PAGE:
UK coalition to publish pledge account
  • This Section
  • Latest
  • Web Wrap
Last Updated: Wednesday, January 09, 2013, 19:36
  
London: Days after Britain's coalition government published its Mid-Term Review, Prime Minister David Cameron and his deputy Nick Clegg delayed publishing an audit of their hits and misses, according to a media report.

The dossier, which was to be published alongside the review on Monday, is expected to show that the vast majority of the coalition's election pledges have been met but acknowledge nearly 70 that have been missed, including some on pensions, road building and criminal justice.

According to the Daily Telegraph newspaper, officials had decided to delay the document's publication because they were concerned it would overshadow any favourable coverage of the Mid-Term Review.

The newspaper's analysis of the coalition's pledges suggests that action or announcements are "overdue" in 76 areas.

The worst-performing department is the Ministry of Justice, which failed to implement 15.1 per cent of planned policies.

Downing Street has denied trying to avoid negative coverage by delaying the document and insisted it had been held back to allow for the checking of "facts and figures".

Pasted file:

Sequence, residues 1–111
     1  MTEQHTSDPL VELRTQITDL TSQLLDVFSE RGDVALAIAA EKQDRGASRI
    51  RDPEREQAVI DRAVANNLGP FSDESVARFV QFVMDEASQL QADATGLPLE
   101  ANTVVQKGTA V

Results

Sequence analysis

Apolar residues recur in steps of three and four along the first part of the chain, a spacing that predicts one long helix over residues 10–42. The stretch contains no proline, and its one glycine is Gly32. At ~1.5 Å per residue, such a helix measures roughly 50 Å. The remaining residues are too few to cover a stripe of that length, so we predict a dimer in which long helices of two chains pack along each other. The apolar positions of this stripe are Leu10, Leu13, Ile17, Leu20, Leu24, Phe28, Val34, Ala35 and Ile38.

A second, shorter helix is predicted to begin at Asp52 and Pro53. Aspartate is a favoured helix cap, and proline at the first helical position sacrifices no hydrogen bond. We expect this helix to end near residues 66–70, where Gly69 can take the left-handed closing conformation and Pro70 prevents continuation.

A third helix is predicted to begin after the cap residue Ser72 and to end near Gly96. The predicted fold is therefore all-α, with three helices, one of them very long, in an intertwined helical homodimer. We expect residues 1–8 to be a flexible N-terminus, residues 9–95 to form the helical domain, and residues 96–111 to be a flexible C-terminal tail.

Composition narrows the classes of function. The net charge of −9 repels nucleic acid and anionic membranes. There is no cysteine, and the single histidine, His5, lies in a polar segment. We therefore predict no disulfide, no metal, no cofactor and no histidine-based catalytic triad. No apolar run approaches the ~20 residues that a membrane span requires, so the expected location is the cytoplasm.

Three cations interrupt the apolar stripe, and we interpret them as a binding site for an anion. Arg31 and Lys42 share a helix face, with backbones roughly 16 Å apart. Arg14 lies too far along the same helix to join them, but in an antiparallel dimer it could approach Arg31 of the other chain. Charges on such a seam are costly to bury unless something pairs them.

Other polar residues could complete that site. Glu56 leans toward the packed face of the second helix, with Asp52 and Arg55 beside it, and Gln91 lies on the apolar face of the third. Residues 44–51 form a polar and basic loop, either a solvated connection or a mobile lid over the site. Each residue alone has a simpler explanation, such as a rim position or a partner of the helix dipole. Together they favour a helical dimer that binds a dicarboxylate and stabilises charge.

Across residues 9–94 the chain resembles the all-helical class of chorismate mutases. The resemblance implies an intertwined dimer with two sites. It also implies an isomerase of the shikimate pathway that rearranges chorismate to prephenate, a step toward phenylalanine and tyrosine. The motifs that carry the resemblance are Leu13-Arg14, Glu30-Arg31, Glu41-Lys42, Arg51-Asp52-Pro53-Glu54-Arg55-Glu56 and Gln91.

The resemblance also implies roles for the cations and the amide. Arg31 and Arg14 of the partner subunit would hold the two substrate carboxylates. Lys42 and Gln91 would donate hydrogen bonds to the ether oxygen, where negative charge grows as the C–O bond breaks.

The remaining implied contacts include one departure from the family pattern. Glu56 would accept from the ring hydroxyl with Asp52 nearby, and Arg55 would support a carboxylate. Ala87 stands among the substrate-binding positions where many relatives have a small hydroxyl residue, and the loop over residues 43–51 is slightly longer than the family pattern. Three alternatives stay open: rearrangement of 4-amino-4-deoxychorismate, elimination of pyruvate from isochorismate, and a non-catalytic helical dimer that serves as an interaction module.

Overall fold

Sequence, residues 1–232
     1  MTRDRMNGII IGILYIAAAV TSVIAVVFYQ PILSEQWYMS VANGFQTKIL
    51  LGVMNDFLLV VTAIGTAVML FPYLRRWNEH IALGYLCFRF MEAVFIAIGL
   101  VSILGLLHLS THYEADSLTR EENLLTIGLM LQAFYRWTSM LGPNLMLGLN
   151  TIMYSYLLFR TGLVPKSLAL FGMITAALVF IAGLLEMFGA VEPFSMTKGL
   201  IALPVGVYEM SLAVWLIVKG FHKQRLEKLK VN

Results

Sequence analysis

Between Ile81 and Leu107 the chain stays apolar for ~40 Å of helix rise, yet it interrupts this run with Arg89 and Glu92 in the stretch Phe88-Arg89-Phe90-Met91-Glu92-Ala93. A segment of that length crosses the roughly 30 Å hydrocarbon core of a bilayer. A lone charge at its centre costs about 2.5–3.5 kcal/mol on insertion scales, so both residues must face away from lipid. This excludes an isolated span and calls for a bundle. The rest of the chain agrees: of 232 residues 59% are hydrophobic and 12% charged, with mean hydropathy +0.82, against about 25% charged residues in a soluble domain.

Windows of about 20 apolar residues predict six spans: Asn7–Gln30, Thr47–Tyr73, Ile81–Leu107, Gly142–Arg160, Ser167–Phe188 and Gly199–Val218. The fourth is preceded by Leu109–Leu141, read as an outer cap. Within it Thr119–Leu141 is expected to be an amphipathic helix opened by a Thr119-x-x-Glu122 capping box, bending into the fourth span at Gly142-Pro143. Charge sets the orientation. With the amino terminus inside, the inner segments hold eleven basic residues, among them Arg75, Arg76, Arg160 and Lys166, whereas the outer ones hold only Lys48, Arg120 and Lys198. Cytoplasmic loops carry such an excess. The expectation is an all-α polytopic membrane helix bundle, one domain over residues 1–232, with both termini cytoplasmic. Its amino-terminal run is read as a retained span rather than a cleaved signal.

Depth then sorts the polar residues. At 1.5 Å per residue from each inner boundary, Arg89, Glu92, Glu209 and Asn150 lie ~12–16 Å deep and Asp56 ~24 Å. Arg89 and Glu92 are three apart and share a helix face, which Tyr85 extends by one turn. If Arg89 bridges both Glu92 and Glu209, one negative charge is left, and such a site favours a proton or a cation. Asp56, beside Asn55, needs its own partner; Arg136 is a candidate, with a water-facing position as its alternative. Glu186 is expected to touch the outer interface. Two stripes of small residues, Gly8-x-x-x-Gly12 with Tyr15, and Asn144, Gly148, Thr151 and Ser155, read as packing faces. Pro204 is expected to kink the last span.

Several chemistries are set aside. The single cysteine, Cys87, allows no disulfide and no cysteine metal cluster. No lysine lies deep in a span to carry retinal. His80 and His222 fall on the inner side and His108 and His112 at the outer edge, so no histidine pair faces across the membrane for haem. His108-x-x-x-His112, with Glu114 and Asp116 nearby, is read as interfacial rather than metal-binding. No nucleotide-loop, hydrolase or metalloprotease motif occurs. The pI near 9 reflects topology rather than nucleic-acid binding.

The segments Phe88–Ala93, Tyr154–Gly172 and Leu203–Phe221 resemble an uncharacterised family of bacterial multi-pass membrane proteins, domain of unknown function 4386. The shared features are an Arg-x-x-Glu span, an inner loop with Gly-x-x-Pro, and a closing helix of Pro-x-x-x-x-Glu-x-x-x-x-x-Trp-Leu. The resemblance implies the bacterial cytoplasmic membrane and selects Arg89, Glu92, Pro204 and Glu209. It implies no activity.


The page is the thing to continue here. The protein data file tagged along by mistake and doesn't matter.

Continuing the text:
Liberal Democrat leader Nick Clegg had promised last month to publish a "candid" audit of the government's performance as part of a Mid-Term Review.

The document, around 36,000 words long, is said to detail each of the 480 measures in the 2010 Coalition agreement released when the Tory-led government took over.

Unveiling their Mid-Term Review on Monday, Cameron and Clegg said the coalition would last a full five years and give Britain "strong, stable and determined leadership".

The Prime Minister promised help on childcare costs, care costs for the elderly and investment in roads, as they marked the halfway point of their government.

Opposition leader Ed Miliband accused the government of making "empty promises".

PTI


First Published: Wednesday, January 09, 2013, 19:36


comments powered by Disqus